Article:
Greenhouse horticulture has experienced in recent decades a dramatic spatial

expansion in the semiarid province of Almeria, in southeastern (SE) Spain, reaching a

continuous area of 26,000 ha in 2007, the widest greenhouse area in the world. A

significant surface air temperature trend of 0.3C decade1 in this area during the period

19832006 is first time reported here. This local cooling trend shows no correlation with

Spanish regional and global warming trends. Radiative forcing (RF) is widely used to

assess and compare the climate change mechanisms. Surface shortwave RF (SWRF)

caused through clearing of pasture land for greenhouse farming development in this area

is estimated here. We present the first empirical evidences to support the working

hypothesis of the development of a localized forcing created by surface albedo change to

explain the differences in temperature trends among stations either inside or far from this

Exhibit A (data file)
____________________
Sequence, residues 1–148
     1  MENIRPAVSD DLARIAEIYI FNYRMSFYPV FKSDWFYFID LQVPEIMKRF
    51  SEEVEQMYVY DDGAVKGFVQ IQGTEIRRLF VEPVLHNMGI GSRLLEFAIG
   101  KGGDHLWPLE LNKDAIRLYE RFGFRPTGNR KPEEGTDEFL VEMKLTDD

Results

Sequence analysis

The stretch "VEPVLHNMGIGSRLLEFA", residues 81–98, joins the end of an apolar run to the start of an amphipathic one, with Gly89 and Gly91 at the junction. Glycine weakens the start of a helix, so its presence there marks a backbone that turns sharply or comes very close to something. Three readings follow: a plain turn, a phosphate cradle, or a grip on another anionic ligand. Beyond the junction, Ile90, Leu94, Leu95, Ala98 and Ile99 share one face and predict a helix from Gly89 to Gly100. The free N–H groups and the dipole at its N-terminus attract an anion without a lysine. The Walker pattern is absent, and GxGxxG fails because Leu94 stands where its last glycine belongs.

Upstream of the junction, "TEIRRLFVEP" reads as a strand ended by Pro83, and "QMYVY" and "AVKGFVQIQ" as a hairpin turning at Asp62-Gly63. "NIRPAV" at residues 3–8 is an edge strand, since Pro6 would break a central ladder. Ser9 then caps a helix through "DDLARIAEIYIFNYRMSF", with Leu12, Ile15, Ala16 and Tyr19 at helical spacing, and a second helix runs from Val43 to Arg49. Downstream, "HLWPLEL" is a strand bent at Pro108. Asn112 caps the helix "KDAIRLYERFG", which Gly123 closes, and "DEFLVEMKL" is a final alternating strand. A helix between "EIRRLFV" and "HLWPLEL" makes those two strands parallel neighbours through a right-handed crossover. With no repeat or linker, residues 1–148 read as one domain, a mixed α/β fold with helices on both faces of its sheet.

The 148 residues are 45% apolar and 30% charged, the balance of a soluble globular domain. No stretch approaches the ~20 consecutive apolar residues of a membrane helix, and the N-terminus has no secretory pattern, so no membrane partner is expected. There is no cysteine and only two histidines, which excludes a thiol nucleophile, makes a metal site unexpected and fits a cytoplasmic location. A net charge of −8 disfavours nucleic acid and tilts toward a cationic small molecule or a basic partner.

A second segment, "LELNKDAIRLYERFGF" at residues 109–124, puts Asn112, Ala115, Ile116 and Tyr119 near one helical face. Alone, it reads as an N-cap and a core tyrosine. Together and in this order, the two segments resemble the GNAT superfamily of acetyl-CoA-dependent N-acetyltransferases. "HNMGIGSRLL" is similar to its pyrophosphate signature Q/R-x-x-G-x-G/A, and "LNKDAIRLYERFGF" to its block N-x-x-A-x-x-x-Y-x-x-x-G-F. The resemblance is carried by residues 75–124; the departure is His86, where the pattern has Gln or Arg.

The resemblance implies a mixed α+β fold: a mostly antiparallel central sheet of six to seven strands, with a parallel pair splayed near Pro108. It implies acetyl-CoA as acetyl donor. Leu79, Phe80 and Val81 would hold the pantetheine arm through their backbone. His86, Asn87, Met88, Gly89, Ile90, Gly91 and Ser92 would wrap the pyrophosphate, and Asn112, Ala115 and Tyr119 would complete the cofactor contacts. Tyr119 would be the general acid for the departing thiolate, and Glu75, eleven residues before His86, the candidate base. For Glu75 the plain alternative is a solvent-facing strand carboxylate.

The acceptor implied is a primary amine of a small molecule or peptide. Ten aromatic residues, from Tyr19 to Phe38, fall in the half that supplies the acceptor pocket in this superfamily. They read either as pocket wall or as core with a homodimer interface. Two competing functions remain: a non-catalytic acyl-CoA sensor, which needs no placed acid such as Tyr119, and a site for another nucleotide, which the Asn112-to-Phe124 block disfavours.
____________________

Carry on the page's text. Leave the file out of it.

agricultural land. SWRF was estimated from satellite-retrieved surface albedo data and

calculated shortwave outgoing fluxes associated with either uses of land under typical

incoming solar radiation. Outgoing fluxes were calculated from Moderate Resolution

Imaging Spectroradiometer (MODIS) surface reflectance data. A difference in mean

annual surface albedo of +0.09 was measured comparing greenhouses surface to a typical

pasture land. Strong negative forcing associated with land use change was estimated all

year round, ranging from 5.0 W m2 to 34.8 W m2, with a mean annual value of

19.8 W m2. According to our data of SWRF and local temperatures trends, recent

development of greenhouse horticulture in this area may have masked local warming

signals associated to greenhouse gases increase.

The empiric research

Campra, P., M. Garcia, Y. Canton, and A. Palacios-Orueta (2008), Surface temperature cooling trends and negative radiative forcing due to land use change toward greenhouse farming in southeastern Spain, J. Geophys. Res., 113, D18109, doi:10.1029/2008JD009912.